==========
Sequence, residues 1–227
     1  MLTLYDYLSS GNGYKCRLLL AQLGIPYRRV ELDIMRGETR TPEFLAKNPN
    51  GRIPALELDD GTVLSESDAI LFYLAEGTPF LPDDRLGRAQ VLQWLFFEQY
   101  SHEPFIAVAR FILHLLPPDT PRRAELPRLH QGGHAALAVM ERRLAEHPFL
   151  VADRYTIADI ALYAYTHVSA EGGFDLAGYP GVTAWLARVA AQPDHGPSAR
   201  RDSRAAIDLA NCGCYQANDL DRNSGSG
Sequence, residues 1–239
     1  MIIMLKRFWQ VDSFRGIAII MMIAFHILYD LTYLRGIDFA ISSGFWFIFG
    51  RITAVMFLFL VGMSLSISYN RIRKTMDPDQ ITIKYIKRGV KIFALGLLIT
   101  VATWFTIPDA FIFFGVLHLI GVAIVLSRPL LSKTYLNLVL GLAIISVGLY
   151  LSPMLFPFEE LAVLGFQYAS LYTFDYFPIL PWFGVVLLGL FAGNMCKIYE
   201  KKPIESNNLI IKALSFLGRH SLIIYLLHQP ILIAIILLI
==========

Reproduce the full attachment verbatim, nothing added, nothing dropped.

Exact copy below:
Sequence, residues 1–227
     1  MLTLYDYLSS GNGYKCRLLL AQLGIPYRRV ELDIMRGETR TPEFLAKNPN
    51  GRIPALELDD GTVLSESDAI LFYLAEGTPF LPDDRLGRAQ VLQWLFFEQY
   101  SHEPFIAVAR FILHLLPPDT PRRAELPRLH QGGHAALAVM ERRLAEHPFL
   151  VADRYTIADI ALYAYTHVSA EGGFDLAGYP GVTAWLARVA AQPDHGPSAR
   201  RDSRAAIDLA NCGCYQANDL DRNSGSG
Sequence, residues 1–239
     1  MIIMLKRFWQ VDSFRGIAII MMIAFHILYD LTYLRGIDFA ISSGFWFIFG
    51  RITAVMFLFL VGMSLSISYN RIRKTMDPDQ ITIKYIKRGV KIFALGLLIT
   101  VATWFTIPDA FIFFGVLHLI GVAIVLSRPL LSKTYLNLVL GLAIISVGLY
   151  LSPMLFPFEE LAVLGFQYAS LYTFDYFPIL PWFGVVLLGL FAGNMCKIYE
   201  KKPIESNNLI IKALSFLGRH SLIIYLLHQP ILIAIILLI